Common Names in English:
Cascade Mountain-Ash, Greene Mountainash, Greene's Mountain Ash, Greenes Mountainash, Western Mountain-Ash
, or herbs, deciduous or evergreen
. Stems erect
, or creeping
. Buds usually with several exposed scales
, sometimes with only 2. Leaves alternate, rarely opposite, simple
; stipules paired
, rarely absent, persistent
or deciduous; petiole usually 2-glandular apically; leaf blade
often serrate at margin
, rarely entire. Inflorescences various, from single flowers to umbellate
, racemose or cymose-paniculate. Flowers usually actinomorphic
, rarely unisexual
and then plants
dioecious. Hypanthium (formed from basal parts of sepals, petals, and stamens) free from or adnate to ovary, short or elongate
. Sepals usually 5, rarely fewer or more, imbricate; epicalyx
segments sometimes also present. Petals as many as sepals, inserted
below margin of disk, free, imbricate, sometimes absent. Disk lining hypanthium, usually entire, rarely lobed
. Stamens usually numerous
, rarely few, always in a complete
at margin of or above disk; filaments
usually free, very rarely connate
, rarely elongate, 2-locular. Carpels 1 to many, free, or ± connate and then adnate to inner surface of cupular receptacle; ovary inferior, semi-inferior, or superior; ovules usually 2 in each carpel, rarely 1 or several, anatropous
. Styles as many as carpels, terminal
, or basal, free or sometimes connate. Fruit a follicle, pome, achene, or drupe, rarely a capsule, naked or enclosed in persistent hypanthium and sometimes also by sepals. Seeds erect or pendulous, sometimes winged
, usually exalbuminous
, very rarely with thin endosperm; cotyledons mostly fleshy
abaxially, rarely folded or convolute.
Between 95 and 125 genera and 2825-3500 species: cosmopolitan , mostly in N temperate zone; 55 genera (two endemic) and 950 species (546 endemic) in China.
Many plants of this family are of economic importance and contribute to people s livelihoods. The Rosaceae contain a great number of fruit trees of temperate regions . The fruits contain vitamins, acids, and sugars and can be used both raw and for making preserves, jam, jelly, candy, various drinks, wine, vinegar, etc. The dried fruits of the genera
Amygdalus and Armeniaca are of high commercial value. Some plants in the genus Rosa containing essential oils or with a high vitamin content are used in industry . Rosaceae wood is used for making various articles, stems and roots are used for making tannin extract, and young leaves are used as a substitute for tea. Numerous species are used for medical purposes or are cultivated as ornamentals .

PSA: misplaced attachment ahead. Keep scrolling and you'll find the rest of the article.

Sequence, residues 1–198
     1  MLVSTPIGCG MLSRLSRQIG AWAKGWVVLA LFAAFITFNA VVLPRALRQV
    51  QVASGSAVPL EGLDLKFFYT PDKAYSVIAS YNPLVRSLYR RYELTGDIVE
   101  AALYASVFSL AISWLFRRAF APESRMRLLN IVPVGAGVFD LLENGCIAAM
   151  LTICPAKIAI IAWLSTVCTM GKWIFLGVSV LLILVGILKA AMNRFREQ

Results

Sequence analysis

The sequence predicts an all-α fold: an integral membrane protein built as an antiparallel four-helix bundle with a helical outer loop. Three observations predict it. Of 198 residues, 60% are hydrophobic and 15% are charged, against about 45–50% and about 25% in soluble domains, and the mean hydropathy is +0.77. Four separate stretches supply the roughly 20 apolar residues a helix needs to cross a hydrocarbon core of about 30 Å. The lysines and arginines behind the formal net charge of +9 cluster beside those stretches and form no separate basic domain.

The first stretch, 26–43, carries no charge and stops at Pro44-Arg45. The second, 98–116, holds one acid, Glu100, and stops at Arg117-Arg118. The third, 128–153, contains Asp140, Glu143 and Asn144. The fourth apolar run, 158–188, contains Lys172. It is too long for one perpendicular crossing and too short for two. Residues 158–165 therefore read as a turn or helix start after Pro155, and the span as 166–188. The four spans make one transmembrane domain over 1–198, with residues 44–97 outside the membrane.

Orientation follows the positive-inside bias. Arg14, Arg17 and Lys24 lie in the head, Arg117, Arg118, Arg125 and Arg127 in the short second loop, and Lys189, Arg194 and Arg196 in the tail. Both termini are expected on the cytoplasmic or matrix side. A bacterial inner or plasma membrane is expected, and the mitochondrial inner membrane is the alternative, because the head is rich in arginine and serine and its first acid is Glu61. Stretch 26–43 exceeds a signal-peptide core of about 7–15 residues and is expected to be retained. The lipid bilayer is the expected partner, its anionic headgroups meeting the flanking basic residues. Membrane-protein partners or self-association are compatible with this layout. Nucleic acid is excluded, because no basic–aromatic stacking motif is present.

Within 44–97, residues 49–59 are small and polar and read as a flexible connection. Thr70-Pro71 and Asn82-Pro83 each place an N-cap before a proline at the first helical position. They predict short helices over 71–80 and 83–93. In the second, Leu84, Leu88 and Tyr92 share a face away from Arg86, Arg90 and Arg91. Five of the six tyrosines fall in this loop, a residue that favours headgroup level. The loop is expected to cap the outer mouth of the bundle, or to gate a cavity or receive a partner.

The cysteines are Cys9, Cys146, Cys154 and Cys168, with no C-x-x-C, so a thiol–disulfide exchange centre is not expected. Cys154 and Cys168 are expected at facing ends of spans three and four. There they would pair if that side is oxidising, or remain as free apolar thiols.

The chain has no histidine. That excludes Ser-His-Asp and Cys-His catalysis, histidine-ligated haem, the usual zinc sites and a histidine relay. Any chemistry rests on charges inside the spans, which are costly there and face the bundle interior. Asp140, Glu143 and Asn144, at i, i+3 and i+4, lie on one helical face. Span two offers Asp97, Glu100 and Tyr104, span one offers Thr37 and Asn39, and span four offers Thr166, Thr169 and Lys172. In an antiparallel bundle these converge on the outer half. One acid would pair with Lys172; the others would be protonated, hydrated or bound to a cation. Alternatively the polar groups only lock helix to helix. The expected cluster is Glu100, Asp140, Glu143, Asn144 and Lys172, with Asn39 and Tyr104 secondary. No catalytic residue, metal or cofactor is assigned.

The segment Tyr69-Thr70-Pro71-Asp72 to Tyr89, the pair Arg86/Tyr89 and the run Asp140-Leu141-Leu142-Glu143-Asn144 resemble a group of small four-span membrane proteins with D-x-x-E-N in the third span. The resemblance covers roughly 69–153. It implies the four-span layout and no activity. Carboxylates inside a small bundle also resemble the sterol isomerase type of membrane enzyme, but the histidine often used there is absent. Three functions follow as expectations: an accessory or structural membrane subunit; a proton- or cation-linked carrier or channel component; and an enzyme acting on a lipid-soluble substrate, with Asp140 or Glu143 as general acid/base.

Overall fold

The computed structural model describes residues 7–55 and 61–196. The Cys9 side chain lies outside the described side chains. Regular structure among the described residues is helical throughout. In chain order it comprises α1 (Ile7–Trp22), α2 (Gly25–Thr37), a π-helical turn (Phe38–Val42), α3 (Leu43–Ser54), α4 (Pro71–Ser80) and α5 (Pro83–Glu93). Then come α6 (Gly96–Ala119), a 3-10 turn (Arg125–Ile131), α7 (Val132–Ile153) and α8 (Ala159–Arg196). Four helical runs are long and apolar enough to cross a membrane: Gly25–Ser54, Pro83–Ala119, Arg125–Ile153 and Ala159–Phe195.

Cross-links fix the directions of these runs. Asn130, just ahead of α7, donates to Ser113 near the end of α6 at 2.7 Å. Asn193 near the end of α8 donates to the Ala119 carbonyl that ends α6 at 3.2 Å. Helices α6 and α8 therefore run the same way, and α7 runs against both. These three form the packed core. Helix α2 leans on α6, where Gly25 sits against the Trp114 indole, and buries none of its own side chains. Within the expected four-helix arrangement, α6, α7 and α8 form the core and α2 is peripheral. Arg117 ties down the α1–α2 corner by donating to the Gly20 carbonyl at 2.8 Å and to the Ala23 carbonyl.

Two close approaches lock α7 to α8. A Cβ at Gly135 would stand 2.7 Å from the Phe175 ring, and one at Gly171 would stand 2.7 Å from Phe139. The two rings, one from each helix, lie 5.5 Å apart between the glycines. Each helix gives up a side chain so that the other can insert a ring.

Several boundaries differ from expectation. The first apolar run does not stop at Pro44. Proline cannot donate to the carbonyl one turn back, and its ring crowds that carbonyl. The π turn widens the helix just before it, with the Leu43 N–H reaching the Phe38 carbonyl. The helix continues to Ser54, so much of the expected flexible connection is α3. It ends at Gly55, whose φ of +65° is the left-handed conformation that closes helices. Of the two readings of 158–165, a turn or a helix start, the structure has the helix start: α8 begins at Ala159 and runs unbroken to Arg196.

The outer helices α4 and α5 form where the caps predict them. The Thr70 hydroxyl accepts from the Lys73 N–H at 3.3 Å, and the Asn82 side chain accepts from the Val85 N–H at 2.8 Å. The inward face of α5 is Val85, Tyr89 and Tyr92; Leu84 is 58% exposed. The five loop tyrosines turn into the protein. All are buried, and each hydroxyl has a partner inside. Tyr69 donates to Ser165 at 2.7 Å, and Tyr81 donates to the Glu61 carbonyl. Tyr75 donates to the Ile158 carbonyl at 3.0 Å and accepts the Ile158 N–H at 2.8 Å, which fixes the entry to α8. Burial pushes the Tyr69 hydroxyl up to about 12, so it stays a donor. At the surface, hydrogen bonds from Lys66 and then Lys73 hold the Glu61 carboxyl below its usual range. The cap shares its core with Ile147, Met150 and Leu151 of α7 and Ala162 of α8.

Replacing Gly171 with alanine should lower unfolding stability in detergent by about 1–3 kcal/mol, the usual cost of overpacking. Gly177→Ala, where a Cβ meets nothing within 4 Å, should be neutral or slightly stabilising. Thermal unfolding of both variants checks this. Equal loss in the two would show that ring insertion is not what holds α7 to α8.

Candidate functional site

The Rosaceae are very well represented in China, with great economic and scientific importance. The Co-chairs of the Editorial Committee (Wu and Raven) here note that the patterns of relationship are complex and the group is taxonomically difficult. 
, usually deciduous. Winter buds
usually rather large, ovoid
, or spindle-shaped
, sometimes viscid
imbricate, several, glabrous
. Leaves alternate, membranous or herbaceous; stipules caducous
or pinnately compound
or rarely convolute in bud; leaf blade
usually serrate, sometimes nearly entire, venation
, glabrous or pubescent. Inflorescences compound
, rarely simple corymbs or panicles. Hypanthium campanulate
, rarely obconical
. Sepals 5, ovate
or triangular, glabrous, pubescent, or tomentose
, sometimes glandular
. Petals 5, glabrous or pubescent, base
clawed or not. Stamens 15-25(-44) in 2 or 3 whorls, unequal in length
ovoid or subglobose. Carpels 2-5, partly or wholly adnate
to hypanthium; ovary semi-inferior to inferior, 2-5-(-7) loculed, with 2 or 3(or 4) ovules per locule, one usually abortive
; styles 2-5, free
or partially connate
, glabrous or pubescent. Fruit a pome, white, yellow, pink, or brown to orange or red, ovoid or globose
, usually small, glabrous or pubescent, laevigate
or with small lenticels
, apically with sepals persistent
or caducous leaving an annular
, with 2-5(-7) locules, each with 1 or 2 exendospermous seeds; seeds several, with thin perisperm
and endosperm enclosing embryo with compressed
cotyledons.Trees or shrubs, usually deciduous. Winter buds usually rather large, ovoid, conical, or spindle-shaped, sometimes viscid; scales imbricate, several, glabrous or pubescent. Leaves alternate, membranous or herbaceous; stipules caducous, simple or pinnately compound, plicate or rarely convolute in bud; leaf blade usually serrate, sometimes nearly entire, venation craspedodromous or camptodromous, glabrous or pubescent. Inflorescences compound, rarely simple corymbs or panicles. Hypanthium campanulate, rarely obconical or urceolate. Sepals 5, ovate or triangular, glabrous, pubescent, or tomentose, sometimes glandular along margin. Petals 5, glabrous or pubescent, base clawed or not. Stamens 15-25(-44) in 2 or 3 whorls, unequal in length; anthers ovoid or subglobose. Carpels 2-5, partly or wholly adnate to hypanthium; ovary semi-inferior to inferior, 2-5-(-7) loculed, with 2 or 3(or 4) ovules per locule, one usually abortive; styles 2-5, free or partially connate, glabrous or pubescent. Fruit a pome, white, yellow, pink, or brown to orange or red, ovoid or globose to ellipsoid or oblong, usually small, glabrous or pubescent, laevigate or with small lenticels, apically with sepals persistent or caducous leaving an annular scar, with 2-5(-7) locules, each with 1 or 2 exendospermous seeds; seeds several, with thin perisperm and endosperm enclosing embryo with compressed cotyledons.